Delbanco, Andrew 1952–

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Delbanco, Andrew 1952–

PERSONAL: Born February 20, 1952. Education: Harvard University, A.B., 1973, A.M., 1976, Ph.D., 1980.

ADDRESSES: Office—Department of English, Columbia University, 2960 Broadway, New York, NY, 10027-6902. E-mail[email protected]

CAREER: Educator and writer. Columbia University, New York, NY, faculty member, 1985–, Julian Clarence Levi Professor in the Humanities, 1995–, director of undergraduate studies in English. Also served as trustee of the National Humanities Center and the Library of America and as vice president of the PEN American Center.

AWARDS, HONORS: Fellow, American Academy of Arts and Sciences, National Humanities Center, and New York Public Library Center for Scholars and Writers; recipient of American Council of Learned Societies; Guggenheim Foundation grant; National Endow-ment for the Humanities grant; Lionel Trilling award; named "America's Best Social Critic," Time, 2001; New York State Scholar of the Year, New York Council for the Humanities, 2003; fellow of the New York Public Library Center for Scholars and Writers.

WRITINGS:

William Ellery Channing: An Essay on the Liberal Spirit in America, Harvard University Press (Cambridge, MA), 1981.

(Editor, with Alan Heimert) The Puritans in America: A Narrative Anthology, Harvard University Press (Cambridge, MA), 1985.

The Puritan Ordeal, Harvard University Press (Cambridge, MA), 1989.

(Editor, with Teresa Toulouse) The Complete Sermons of Ralph Waldo Emerson, Volume 2, University of Missouri Press (Columbia, MO), 1990.

(Editor) The Portable Abraham Lincoln, Viking (New York, NY), 1992.

The Death of Satan: How Americans Have Lost Their Sense of Evil, Farrar, Straus (New York, NY), 1995.

Required Reading: Why Our American Classics Matter Now, Farrar, Straus (New York, NY), 1997.

The Real American Dream: A Meditation on Hope, Harvard University Press (Cambridge, MA), 1999.

(Editor) Writing New England: An Anthology from the Puritans to the Present, Belknap Press of Harvard University (Cambridge, MA), 2001.

Melville: His World and Work, Knopf (New York, NY), 2005.

(Editor) Edgar Allan Poe, illustrated by Gérard Dubois, Sterling (New York, NY), 2006.

Contributor to New York Review of Books, New Republic, New York Times, New Yorker, Commonweal, and Partisan Review.

SIDELIGHTS: Andrew Delbanco is a specialist in the field of classic American literature whose early research focused on Puritan New England. Delbanco has published many studies, including works on the Unitarian leader William Ellery Channing, the literary history of the American concept of evil, why classic works of American literature are still important, and the evolving role of hope in American culture. He has also edited collections of writings by Abraham Lincoln and Ralph Waldo Emerson.

One of Delbanco's first books was the intellectual biography William Ellery Channing: An Essay on the Liberal Spirit in America, which offers a series of essays on American minister William Ellery Channing (1780–1842), who broke from the Congregational church to lead the emerging Unitarian movement in Boston. Channing also became a strong supporter of the abolition movement. However, he is no longer a well-known figure in American literary history, having been eclipsed by a predecessor, the Puritan theologist Jonathan Edwards and a successor, the transcendentalist Ralph Waldo Emerson. Delbanco reintroduces Channing as an important link between these influential thinkers.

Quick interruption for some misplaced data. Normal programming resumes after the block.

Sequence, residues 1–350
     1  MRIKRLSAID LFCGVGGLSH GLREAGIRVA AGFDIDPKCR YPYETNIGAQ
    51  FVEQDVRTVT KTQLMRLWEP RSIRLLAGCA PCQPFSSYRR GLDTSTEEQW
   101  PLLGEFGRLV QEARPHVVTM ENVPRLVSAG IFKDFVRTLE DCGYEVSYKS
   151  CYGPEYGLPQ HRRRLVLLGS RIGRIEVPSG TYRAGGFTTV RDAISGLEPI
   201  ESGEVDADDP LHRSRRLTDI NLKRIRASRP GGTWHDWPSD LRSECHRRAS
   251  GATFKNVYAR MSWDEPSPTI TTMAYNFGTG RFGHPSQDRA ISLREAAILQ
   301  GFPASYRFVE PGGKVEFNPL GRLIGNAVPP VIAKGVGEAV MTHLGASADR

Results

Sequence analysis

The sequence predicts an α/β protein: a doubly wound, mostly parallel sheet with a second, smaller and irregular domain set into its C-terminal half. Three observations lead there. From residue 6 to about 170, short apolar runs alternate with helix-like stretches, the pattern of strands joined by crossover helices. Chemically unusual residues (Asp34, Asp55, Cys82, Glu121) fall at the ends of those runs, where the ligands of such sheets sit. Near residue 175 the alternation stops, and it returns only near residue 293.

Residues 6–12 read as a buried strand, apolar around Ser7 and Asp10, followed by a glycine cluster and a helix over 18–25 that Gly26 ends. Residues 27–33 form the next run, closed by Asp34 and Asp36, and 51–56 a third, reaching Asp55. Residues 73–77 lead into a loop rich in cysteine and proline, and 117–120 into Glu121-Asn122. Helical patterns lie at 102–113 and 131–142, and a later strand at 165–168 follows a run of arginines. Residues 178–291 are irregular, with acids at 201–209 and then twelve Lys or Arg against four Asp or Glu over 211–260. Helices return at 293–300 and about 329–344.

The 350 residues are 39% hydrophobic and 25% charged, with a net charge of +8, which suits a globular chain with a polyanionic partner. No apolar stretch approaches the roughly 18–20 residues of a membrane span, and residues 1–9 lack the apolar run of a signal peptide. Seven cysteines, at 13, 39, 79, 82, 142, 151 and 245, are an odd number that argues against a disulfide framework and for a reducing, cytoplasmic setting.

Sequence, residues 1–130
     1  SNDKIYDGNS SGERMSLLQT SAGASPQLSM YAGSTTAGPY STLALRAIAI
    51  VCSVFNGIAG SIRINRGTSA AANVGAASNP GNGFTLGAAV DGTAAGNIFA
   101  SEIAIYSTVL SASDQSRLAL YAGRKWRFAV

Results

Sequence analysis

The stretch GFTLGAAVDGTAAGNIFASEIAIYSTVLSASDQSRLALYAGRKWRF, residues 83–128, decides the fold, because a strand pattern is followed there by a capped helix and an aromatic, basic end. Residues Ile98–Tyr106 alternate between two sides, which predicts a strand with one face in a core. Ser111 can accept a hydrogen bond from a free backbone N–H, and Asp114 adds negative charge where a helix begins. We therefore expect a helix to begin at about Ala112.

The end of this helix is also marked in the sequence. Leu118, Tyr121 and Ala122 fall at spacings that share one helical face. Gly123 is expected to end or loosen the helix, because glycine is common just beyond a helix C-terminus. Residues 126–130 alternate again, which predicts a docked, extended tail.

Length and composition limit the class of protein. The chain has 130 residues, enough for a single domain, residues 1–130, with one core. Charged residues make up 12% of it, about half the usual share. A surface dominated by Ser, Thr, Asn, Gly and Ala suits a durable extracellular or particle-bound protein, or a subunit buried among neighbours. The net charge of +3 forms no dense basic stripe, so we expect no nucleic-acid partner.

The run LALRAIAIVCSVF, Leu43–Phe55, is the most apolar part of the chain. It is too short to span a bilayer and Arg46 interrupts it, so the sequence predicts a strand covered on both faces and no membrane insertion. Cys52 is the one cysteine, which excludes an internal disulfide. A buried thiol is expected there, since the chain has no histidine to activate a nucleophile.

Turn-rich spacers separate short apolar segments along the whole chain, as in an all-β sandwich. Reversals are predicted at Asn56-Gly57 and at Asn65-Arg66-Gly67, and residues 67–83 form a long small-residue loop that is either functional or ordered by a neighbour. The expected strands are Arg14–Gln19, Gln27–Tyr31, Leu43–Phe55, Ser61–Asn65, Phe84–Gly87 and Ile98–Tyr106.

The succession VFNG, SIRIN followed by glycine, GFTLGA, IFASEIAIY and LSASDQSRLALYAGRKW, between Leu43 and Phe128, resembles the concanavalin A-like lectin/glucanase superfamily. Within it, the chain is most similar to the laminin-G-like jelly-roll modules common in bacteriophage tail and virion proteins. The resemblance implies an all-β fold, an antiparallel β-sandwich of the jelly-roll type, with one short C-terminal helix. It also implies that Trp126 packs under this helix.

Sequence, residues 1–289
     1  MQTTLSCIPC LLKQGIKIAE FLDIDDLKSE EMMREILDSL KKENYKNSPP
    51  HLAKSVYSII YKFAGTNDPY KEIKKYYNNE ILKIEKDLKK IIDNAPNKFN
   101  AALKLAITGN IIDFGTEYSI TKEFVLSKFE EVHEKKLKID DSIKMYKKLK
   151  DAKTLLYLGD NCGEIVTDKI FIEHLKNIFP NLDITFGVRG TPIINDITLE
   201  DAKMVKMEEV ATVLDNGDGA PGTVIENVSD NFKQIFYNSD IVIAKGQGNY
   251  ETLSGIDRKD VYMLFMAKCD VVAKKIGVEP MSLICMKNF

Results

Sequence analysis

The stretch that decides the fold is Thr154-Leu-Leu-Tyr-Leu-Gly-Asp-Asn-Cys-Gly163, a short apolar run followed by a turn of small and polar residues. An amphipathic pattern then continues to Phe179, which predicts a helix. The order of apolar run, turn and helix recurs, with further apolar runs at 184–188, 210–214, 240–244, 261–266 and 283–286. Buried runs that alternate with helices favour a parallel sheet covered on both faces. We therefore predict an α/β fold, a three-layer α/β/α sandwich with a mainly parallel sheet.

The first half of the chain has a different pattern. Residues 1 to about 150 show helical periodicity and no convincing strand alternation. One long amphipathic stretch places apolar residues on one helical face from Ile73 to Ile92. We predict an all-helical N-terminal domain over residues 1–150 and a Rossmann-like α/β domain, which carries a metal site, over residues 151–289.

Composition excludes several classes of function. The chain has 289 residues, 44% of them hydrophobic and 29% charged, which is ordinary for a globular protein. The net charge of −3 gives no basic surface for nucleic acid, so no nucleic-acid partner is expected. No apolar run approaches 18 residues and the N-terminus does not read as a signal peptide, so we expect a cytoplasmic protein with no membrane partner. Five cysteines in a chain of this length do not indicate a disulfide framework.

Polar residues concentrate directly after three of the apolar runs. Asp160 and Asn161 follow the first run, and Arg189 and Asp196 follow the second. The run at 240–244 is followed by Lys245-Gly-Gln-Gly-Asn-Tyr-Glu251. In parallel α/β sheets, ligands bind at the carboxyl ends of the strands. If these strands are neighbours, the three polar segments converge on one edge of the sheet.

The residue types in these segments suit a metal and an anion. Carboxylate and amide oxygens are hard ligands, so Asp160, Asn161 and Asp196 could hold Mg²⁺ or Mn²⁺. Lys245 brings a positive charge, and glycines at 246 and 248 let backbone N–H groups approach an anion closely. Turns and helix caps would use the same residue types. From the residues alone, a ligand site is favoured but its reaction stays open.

Critics agreed that Delbanco provides an adept analysis of Channing's writings and convincing evidence of his literary importance. A contributor to the Virginia Quarterly Review called the book "an especially lucid and well-written biographical essay," in which Delbanco's readings are "sympathetic, not indulgent." A Choice contributor noted that "it is an exceedingly complex and sophisticated interpretation of the man and his work." In the New England Quarterly, Joel Myerson commented that William Ellery Channing is "particularly strong in tracing the development of Channing's intellectual growth and in placing his actions within the context of those of his contemporaries."

In a lengthy analysis of the religious and political context of Channing's career, Larzer Ziff responded to the book in the Times Literary Supplement, saying: "Since Channing's reputation today rests largely on a handful of religious pieces, Delbanco's discussion of his all but forgotten literary output is most illuminating." Ziff explained that Delbanco does not use these better-known writings as proof of Channing's merit nor does he try to rate him as an equal to Edwards. Rather, Ziff noted, "Channing's reputation is to be restored … by showing that at one crucial point in his career he behaved in a manner that can be related to the Edwards tradition. For Delbanco, this occurred when Channing sacrificed material comfort and hazarded his reputation by siding with the anti-slavery faction in the 1830s." Regarding Channing's relation to the emerging school of transcendentalism, the reviewer wrote: "Delbanco characterizes excellently the eighteenth-century restraint with which Channing refused to advance into the transcendental merging of soul and nature in the oversoul." Ziff concluded that Delbanco's observations on Channing's beliefs are "subtle, clear, and exciting. [Delbanco] is a shrewd observer and a deft dissector."